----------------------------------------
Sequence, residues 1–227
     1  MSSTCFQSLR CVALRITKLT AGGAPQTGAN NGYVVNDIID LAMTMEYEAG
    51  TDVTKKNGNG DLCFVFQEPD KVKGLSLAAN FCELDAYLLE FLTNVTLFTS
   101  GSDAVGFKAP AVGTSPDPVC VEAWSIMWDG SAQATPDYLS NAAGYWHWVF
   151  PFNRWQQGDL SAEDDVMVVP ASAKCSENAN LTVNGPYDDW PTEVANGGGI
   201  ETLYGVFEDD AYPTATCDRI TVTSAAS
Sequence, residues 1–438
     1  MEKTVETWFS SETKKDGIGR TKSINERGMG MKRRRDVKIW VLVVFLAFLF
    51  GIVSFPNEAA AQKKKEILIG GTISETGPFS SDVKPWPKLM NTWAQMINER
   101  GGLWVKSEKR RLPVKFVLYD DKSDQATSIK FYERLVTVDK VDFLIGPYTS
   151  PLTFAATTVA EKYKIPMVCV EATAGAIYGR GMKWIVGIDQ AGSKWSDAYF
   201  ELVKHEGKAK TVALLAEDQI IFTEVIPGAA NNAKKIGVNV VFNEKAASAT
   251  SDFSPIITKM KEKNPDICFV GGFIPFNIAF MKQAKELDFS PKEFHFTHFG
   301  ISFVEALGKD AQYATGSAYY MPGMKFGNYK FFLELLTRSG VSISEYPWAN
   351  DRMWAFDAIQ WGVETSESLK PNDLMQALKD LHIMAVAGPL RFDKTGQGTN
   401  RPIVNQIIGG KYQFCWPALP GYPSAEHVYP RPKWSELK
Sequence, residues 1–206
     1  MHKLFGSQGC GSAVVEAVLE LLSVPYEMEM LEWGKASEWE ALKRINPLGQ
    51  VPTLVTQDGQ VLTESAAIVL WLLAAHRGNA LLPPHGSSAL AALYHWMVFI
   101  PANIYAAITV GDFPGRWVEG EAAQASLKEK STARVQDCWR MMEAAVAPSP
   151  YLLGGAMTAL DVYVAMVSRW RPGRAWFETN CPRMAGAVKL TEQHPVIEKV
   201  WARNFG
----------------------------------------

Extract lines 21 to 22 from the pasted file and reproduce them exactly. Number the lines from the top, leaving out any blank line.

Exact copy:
   151  YLLGGAMTAL DVYVAMVSRW RPGRAWFETN CPRMAGAVKL TEQHPVIEKV
   201  WARNFG